How I loathe psycho-babble.

‘She’s in a really dark place’ said my friend about a mutual acquaintance. It was said in the hushed tone and with the certain knowing expression which always accompany that banal cliché.

‘No, actually!’  I thought, ‘SHE’S  just a bit hacked off. THIS is a really dark place’:

We put ourselves in the way of fear in life. God knows driving is bad enough, and watching horror movies at night is a deliberate attempt to feel fear.

But do we do it enough in the garden?

The unfathomable well.

The footpath above the long drop.

Do we have enough opportunities to be sucked into a whirling vortex?

Design wise, in the garden, fear has the drama of bungee jumping and the stomach pitting quality of the Rollercoaster at Alton Towers.

Sure there are health and safety aspects and it’s installation would come with some ‘backside covering’ paperwork!  But according to the office of statistics it’s a bit of a risk stepping into your jeans in the morning.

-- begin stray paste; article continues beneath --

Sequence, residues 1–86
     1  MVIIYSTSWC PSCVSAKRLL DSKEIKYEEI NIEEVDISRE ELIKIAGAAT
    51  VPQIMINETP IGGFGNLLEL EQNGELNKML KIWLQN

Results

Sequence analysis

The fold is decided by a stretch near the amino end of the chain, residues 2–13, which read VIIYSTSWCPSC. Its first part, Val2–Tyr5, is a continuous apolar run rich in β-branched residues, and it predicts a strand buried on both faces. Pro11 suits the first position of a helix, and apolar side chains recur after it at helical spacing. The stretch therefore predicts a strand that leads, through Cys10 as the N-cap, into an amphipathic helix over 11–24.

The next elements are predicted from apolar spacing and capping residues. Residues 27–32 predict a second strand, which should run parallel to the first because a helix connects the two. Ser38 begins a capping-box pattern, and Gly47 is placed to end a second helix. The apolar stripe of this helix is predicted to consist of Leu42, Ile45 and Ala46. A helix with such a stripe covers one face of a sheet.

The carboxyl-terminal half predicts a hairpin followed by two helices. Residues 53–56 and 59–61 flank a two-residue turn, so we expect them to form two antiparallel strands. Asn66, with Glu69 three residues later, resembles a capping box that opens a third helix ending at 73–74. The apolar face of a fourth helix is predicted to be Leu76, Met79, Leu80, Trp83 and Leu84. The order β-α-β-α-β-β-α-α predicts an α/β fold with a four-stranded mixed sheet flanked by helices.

And it can in any case be merely a palpable but harmless atmosphere. Darkness and closeness might be enough:

A doorway in a hedge at Rodmarton has mystery, but leads merely to a rather decrepit nursery area.

The sombre yew walk at Sissinghurst – its harmless enough but it gives me the heebie  jeebies. I bet if VSW stalks around as a bad tempered ghost, full of vengeance for the lost romance of Sissinghurst, its there.

And as for Andy Sturgeon’s Black Holes you can’t even get near them, but they are fearful.

Unease in the garden draws on or perhaps even feeds our innermost, primal fears. The darkness is of the coffin, death itself, or the bogeyman coming out to get you.

If all this seems a bit too dark for you, think of it as a change of pace:

 The contrast of light and shade.

A bit of mystery.

A frisson.

We know there’s nothing behind it, but we still have that ‘Psycho’ moment:

 

Robert

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